CFA Institute Journal Review 27 June 2019 Volume 49 Issue 6
Momentum, Mean-Reversion, and Social Media: Evidence from StockTwits and Twitter (Digest summary)
Journal of Portfolio Management
Social media sentiment has a significant impact on intraday liquidity, with negative sentiment having a more significant effect than positive sentiment. Peak social media sentiment is associated with the end of momentum and a return to mean reversion. A trading strategy that doubles down on assuming stocks with high social media sentiment will revert to the mean outperforms a benchmark mean-reversion strategy.
What Is the Investment Issue?
During the last decade, alternative sources of data, including those that can be used to measure social media sentiment, have grown. Social media sentiment, based on StockTwits and Twitter messages, exhibits a correlation with liquidity measures that cannot be explained by news sentiment.
How Did the Authors Conduct This Research?
To measure sentiment, the authors use data from RavenPack, a database provider of news events associated with equities, and assess each news event for relevance, novelty, and sentiment. They use the RavenPack’s Composite Sentiment Score as a measure of news sentiment, determined by analyzing words and phrases in news text.
- The authors construct a regression analysis, intraday event studies on abnormal social media sentiment, and an intraday trading strategy. Several measures of liquidity and volume, such as the log number of trades and log number of quotes, are regressed on social media sentiment indicators.
- For the intraday event studies, the authors use a universe of 500 high-cap, high-volume stocks and match intraday trading data with intraday message data from StockTwits and Twitter. They then categorize messages into positive and negative events. An abnormal positive (negative) event has a social media sentiment score at least three standard deviations above (below) the average social media sentiment for that stock.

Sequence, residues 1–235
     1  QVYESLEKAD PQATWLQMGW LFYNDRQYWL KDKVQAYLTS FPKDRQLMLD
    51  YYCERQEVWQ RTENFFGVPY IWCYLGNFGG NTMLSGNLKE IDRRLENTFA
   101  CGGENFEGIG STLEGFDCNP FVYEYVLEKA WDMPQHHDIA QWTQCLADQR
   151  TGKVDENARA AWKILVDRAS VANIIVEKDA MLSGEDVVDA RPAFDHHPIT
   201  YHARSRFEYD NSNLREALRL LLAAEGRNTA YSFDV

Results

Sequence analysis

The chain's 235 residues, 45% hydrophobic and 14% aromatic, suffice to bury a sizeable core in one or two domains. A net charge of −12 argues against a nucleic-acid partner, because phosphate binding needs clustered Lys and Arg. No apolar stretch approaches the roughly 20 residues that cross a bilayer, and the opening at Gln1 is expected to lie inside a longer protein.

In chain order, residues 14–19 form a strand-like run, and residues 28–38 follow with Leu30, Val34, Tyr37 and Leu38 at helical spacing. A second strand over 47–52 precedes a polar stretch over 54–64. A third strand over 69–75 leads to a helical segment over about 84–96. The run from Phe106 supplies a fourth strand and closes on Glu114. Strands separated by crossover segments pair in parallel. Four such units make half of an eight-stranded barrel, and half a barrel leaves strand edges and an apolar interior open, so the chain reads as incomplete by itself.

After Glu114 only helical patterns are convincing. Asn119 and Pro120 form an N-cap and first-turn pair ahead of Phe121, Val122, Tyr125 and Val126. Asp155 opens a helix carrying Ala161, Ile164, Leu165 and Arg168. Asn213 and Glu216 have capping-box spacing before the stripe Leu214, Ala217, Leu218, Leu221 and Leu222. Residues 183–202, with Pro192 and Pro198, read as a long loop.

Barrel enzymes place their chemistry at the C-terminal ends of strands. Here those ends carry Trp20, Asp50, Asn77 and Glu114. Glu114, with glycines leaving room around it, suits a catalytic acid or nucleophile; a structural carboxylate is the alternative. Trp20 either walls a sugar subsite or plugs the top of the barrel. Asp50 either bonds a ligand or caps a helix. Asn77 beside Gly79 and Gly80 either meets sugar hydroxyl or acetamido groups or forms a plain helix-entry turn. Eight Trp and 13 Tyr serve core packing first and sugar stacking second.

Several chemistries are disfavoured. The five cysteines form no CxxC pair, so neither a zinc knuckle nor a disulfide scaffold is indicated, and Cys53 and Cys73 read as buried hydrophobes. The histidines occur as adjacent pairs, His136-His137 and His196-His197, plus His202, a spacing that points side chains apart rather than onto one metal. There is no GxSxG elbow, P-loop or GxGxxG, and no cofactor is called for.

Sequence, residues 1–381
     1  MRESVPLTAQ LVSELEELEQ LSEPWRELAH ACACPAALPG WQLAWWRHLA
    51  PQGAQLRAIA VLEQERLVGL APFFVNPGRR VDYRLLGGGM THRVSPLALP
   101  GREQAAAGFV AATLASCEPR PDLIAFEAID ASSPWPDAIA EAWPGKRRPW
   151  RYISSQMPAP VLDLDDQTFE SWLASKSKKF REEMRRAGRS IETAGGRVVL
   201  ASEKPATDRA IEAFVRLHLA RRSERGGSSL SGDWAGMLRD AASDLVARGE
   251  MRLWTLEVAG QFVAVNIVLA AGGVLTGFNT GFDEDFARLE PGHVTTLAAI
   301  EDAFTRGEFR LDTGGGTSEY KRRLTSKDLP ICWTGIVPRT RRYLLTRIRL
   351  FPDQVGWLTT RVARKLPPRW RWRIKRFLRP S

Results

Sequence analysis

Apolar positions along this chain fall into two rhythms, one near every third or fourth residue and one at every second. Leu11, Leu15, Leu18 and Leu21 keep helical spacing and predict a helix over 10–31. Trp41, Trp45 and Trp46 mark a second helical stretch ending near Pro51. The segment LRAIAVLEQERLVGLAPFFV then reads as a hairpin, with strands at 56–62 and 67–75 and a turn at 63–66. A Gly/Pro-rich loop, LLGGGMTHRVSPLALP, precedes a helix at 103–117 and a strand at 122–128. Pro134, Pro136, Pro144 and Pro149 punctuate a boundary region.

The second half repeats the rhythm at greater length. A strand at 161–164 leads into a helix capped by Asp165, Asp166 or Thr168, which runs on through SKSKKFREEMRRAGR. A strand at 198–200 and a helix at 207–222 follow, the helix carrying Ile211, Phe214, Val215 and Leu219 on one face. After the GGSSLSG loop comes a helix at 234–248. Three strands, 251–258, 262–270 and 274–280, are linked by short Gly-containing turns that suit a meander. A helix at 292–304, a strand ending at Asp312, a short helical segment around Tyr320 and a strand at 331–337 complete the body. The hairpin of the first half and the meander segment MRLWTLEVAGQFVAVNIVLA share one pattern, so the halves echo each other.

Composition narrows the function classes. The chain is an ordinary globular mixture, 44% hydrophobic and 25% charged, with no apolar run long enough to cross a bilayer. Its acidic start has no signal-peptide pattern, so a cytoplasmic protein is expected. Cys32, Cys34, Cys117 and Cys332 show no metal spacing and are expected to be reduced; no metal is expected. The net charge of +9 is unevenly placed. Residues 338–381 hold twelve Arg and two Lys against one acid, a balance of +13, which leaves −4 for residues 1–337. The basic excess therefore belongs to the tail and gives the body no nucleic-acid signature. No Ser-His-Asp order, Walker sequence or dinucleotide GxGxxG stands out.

- The authors test two strategies that trade every 30 minutes—a benchmark mean-reversion strategy and a social media–augmented strategy—using Quantopian and data from 1 January 2011 to 31 December 2014. The intraday mean-reversion trading strategy trades in 30-minute intervals and buys stocks that exhibited negative returns over the previous window and shorts stocks that exhibited positive returns. The social media–augmented strategy bets on mean reversion after a high volume of social media events by placing more positive or negative weight on equities that had a high StockTwits and Twitter message volume in the prior 30-minute window.
What Are the Findings and Implications for Investors and Investment Professionals?
Similar to existing research in behavioral finance, the authors’ findings reinforce that negative social media sentiment has a more significant effect on liquidity measures than positive social media sentiment. News and social media information can be used to predict liquidity measures prior to the market opening by using pre-trading measures of sentiment.
- The authors find much more demand for liquidity when social media sentiment is negative than when it is positive. Social media activity prior to markets opening predicts a higher demand for liquidity during the trading day; positive social media sentiment predicts more mini flash-crashes and a lower supply of liquidity.
- Highly abnormal social media sentiment is preceded by very high momentum and followed by mean-reverting returns.
- A social media–augmented trading strategy that doubles down on stocks with high message volume consistently outperforms the benchmark mean-reversion strategy that ignores social media activity.
The feedback effect (causality) between social media and markets is not explored in this article: Sentiment on Twitter and StockTwits could be affected by price movements, and this sentiment may directly affect trading activity. Some Twitter and StockTwits users are likely more influential than others in the social network and could have a stronger effect on community sentiment. This dynamic could provide direction for future work.
About the Author(s)
Mark K. Bhasin, CFA, is senior vice president of Basis Investment Group, LLC, New York City.